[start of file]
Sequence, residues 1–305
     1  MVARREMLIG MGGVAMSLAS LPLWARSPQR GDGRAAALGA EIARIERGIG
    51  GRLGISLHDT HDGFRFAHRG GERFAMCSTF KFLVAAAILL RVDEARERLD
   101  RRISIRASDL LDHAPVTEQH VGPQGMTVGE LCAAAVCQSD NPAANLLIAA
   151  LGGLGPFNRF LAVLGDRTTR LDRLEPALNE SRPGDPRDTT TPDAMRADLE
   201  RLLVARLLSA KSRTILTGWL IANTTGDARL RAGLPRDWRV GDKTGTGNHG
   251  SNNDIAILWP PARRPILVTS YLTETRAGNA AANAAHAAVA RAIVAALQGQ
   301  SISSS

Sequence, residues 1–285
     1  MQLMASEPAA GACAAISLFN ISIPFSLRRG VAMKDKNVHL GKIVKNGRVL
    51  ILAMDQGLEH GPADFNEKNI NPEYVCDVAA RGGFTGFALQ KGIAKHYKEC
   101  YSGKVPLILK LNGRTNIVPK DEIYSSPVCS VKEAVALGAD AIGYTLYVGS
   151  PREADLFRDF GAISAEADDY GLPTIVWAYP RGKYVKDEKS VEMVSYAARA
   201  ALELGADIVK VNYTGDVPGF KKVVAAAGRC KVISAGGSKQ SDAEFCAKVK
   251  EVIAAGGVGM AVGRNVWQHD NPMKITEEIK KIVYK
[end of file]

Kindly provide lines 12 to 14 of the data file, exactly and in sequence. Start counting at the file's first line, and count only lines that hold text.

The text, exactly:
   101  YSGKVPLILK LNGRTNIVPK DEIYSSPVCS VKEAVALGAD AIGYTLYVGS
   151  PREADLFRDF GAISAEADDY GLPTIVWAYP RGKYVKDEKS VEMVSYAARA
   201  ALELGADIVK VNYTGDVPGF KKVVAAAGRC KVISAGGSKQ SDAEFCAKVK